How to implement the climate law? Go on hiring spree.

By Kelsey Brugger | 09/29/2022 01:20 PM EDT

Agencies across the federal government are drawing up plans to add workers. Analysts expect some hiccups along the way.

EPA workers.

Workers at EPA in 2019. Chip Somodevilla/Getty Images

Federal agencies are posting “helped wanted” signs as the Biden administration tries to quickly hire thousands of people to implement the new climate law.

The Department of Energy will need hundreds of new employees, many in its loan office. Treasury Secretary Janet Yellen, meanwhile, says the IRS plans to hire 5,000 people. And EPA has to staff up the new national green bank.

“Federal government hiring can be extremely challenging,” said Brandon Hurlbut, a former DOE official now with bipartisan climate law firm Boundary Stone, “and they need to hire a lot of people.”


Multiple challenges loom. Huge gaps already exist at some federal agencies, many of which were depleted during the Trump administration, and one critical agency didn’t get any new funding for staff at all: the Department of Justice.

“People tend to forget about the Justice Department,” said Jeff Hauser, executive director of the Revolving Door Project and a former DOJ official. “But they have a huge role to play to make sure the IRA is successful.”

The IRS does have some enforcement authority over new renewable energy incentives. Fraud issues, however, would be handled by federal prosecutors. A DOJ spokesperson confirmed the lack of new funding but did not provide more comment.

Hauser’s group last year explored staffing figures at climate agencies like EPA and the Interior Department, and found declining staff levels had not been replenished well into the Biden administration.

“Practically all agencies we examined, except DOE, we saw capacity pitfalls undermine the work we wanted to see done,” said Fatou Ndiaye, a research assistant with the Revolving Door Project.

Generally, the Biden administration has acknowledged the declines, and in some cases, like at EPA, tapped into special authorities to hire up fast (Greenwire, Feb. 18).

In addition, political appointees were being vetted for their commitment to rebuilding the federal workforce, according to the Revolving Door Project report. Still, Ndiaye said the administration has a long way to go.

The Office of Personnel Management, the federal government’s human resources arm, did not return requests for comment, but aides at multiple agencies said they are still fleshing out their hiring plans.

DOE hiring advantage

Department of Energy.
Department of Energy headquarters in Washington. | Francis Chung/E&E News

DOE, however, appears to be ahead of the game. It got a head start with $60 billion in last year’s infrastructure law and launched the Clean Energy Corps to bulk up.

“DOE is scaling up to meet this moment and implement the Bipartisan Infrastructure Law and Inflation Reduction Act, standing up dozens of new programs and hiring hundreds of new staff members — from attorneys to project managers,” a spokesperson said in an email.

Currently, the spokesperson added DOE is looking to fill 15 job categories — everything from engineering and contract management to physical science and public policy.

The department got a $30 billion lift from the new climate law, and had a huge presence at last week’s Global Clean Energy Action Forum in Pittsburgh.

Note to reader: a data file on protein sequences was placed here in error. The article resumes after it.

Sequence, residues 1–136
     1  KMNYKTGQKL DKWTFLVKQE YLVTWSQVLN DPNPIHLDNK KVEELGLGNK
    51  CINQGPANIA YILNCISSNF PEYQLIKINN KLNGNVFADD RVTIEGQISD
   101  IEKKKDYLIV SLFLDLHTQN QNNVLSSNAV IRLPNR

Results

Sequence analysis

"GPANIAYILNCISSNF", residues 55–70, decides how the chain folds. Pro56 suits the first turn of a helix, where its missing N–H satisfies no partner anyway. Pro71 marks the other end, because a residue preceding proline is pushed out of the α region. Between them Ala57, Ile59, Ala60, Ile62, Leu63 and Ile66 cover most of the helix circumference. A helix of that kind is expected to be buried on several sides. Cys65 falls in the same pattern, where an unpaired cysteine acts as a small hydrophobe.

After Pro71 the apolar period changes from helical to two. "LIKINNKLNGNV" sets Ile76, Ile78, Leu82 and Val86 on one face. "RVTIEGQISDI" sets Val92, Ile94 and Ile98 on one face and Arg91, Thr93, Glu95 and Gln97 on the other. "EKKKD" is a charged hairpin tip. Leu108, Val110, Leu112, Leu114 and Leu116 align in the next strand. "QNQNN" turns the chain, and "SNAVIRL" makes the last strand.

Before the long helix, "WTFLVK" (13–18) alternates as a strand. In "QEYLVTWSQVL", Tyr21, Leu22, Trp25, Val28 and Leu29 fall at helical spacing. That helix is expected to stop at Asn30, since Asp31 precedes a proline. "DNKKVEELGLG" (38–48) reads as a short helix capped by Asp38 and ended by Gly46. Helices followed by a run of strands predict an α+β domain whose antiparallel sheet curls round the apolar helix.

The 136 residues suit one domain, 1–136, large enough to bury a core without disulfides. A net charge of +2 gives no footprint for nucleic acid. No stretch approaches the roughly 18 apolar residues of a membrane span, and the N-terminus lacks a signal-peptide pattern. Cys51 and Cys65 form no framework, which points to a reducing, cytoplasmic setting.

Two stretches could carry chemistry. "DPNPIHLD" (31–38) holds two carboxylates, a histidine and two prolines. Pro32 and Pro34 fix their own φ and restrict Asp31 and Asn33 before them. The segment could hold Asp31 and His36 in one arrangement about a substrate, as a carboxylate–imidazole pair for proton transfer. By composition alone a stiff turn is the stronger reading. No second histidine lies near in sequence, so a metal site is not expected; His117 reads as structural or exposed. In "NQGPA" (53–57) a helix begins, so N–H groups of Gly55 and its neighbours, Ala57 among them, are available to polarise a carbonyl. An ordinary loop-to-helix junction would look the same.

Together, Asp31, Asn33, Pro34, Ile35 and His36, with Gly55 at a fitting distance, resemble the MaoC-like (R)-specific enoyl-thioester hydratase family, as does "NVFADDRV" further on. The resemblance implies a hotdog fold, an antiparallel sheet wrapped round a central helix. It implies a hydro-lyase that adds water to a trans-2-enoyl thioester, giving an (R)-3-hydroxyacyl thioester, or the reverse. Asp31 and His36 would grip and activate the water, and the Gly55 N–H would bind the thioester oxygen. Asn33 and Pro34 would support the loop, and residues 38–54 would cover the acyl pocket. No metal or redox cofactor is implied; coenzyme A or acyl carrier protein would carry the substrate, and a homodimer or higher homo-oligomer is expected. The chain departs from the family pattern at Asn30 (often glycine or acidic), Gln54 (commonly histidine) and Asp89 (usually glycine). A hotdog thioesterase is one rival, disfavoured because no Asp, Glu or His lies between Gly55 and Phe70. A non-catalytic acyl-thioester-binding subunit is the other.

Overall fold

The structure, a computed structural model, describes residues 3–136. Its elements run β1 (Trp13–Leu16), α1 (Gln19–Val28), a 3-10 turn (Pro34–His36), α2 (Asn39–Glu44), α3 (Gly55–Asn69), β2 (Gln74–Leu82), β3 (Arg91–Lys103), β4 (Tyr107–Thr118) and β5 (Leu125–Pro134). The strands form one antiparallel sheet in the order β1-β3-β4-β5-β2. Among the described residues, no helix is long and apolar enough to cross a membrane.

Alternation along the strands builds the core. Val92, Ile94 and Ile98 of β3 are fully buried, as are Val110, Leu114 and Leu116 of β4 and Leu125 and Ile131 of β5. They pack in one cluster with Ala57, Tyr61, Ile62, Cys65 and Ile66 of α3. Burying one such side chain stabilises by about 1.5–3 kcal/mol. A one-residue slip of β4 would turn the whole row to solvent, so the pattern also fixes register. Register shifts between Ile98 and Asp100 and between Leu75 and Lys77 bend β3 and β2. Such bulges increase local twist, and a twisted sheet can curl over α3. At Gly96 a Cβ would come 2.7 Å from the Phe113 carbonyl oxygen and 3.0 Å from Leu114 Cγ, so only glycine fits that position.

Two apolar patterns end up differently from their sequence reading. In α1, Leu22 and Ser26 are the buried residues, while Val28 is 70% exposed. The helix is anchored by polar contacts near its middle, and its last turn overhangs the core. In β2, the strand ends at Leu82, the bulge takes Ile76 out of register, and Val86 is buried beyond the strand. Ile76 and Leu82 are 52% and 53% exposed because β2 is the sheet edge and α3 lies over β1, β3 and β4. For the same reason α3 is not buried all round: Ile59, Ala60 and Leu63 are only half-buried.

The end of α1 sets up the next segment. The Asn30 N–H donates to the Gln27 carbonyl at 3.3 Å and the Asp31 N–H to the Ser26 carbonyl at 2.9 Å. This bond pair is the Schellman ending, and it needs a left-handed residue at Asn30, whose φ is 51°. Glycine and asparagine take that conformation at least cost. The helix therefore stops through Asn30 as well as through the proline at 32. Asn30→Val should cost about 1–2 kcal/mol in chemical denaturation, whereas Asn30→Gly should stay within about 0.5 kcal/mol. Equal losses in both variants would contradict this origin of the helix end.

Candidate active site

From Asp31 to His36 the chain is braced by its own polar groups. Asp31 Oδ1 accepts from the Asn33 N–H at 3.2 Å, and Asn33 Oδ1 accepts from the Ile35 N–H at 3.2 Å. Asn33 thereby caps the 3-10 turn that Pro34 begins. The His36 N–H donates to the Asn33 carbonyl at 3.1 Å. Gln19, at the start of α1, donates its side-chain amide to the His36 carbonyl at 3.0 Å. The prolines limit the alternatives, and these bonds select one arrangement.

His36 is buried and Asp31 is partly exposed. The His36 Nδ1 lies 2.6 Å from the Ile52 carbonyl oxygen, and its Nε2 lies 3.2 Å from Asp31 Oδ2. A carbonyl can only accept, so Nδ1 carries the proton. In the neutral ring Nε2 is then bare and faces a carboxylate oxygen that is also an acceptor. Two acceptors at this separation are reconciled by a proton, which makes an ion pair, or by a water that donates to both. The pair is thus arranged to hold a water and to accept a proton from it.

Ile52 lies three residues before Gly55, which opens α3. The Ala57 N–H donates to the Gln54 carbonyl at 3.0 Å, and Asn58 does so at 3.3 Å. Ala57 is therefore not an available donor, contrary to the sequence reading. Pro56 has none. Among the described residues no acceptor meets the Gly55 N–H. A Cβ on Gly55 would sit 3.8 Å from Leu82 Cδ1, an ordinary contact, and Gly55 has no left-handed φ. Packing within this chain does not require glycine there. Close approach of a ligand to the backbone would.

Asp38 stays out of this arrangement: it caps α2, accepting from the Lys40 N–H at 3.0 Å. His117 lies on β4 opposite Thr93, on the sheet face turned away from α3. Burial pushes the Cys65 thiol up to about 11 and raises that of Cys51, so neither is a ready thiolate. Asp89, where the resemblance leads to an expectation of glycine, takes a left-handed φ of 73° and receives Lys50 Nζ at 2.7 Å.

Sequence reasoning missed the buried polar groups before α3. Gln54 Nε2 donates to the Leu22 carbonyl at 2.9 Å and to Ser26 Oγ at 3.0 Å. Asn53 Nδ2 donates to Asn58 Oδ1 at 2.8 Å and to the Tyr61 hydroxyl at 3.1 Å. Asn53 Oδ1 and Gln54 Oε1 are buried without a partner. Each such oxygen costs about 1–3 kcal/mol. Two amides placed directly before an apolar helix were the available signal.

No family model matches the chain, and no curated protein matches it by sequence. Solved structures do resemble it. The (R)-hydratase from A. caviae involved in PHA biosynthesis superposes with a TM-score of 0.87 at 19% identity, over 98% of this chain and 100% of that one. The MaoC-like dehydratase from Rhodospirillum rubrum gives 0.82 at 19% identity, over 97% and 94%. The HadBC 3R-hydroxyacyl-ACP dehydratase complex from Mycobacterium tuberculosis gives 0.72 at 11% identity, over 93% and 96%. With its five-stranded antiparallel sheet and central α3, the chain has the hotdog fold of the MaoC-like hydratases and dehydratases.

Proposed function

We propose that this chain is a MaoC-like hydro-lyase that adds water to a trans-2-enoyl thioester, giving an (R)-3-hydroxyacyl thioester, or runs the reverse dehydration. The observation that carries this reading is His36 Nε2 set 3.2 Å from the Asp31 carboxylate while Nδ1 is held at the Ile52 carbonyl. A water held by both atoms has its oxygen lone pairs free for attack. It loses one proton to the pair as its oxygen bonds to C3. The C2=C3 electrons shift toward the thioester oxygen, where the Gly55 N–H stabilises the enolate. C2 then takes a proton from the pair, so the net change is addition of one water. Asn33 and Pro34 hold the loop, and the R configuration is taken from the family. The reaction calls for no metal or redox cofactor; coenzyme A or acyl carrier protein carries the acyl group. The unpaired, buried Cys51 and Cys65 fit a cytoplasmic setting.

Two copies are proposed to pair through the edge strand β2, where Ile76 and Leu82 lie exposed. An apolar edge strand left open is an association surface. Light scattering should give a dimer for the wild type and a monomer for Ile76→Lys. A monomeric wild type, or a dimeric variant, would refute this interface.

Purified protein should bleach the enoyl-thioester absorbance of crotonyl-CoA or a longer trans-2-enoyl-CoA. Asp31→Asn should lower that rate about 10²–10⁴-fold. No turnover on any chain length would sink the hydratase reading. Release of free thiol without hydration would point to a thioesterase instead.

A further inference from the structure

There, DOE higher-ups were actively seeking potential applicants, said Courtney Bourgoin, a communications manager at the clean energy nonprofit RMI.

She and her team noted DOE will need a many new tax hires in the loan program office and policy shop to support the Department of the Treasury, which itself needs to modernize operations and implement incentives for people to green their homes (Climatewire, Aug. 19).

‘Freaking out’

EPA got more than $40 billion from the Inflation Reduction Act, including to implement the methane fee and stand up a national green bank.

“EPA has never administered anything at this scale,” Michael Gergen, a Latham & Watkins LLP attorney, said on a recent Institute for Policy Integrity panel. “I assume folks at EPA are kind of freaking out about this.”

The agency also just announced a 200-person environmental justice and external civil rights office, which will be responsible for dispersing $3 billion in block grants (Greenwire, Sept. 27).

At the Agriculture Department, officials are preparing to hire people to research and distribute more than $9.7 billion for rural electrification, a task that will likely require more energy experts, RMI said. And there’s an additional $20 billion for regenerative agriculture and investments for conservation.

“Over the next few weeks, the Department will work to identify specific staffing needs and will be in a position to provide additional information later in October,” a USDA spokesperson told E&E News.

All of this hiring is welcome news for the federal labor unions.

“NTEU strongly supports the historic investment in the IRS as outlined in the Inflation Reduction Act because it will help rebuild the agency after a decade of staffing and budget cuts,” said National Treasury Employees Union President Tony Reardon.

He noted workplace flexibilities as well as a shorter onboarding process at the IRS would limit new hires from accepting other job offers while waiting for their paperwork to go through.

“Finally, NTEU would like to see agency training budgets properly funded so new hires are ready to succeed at their new civil service career,” he said.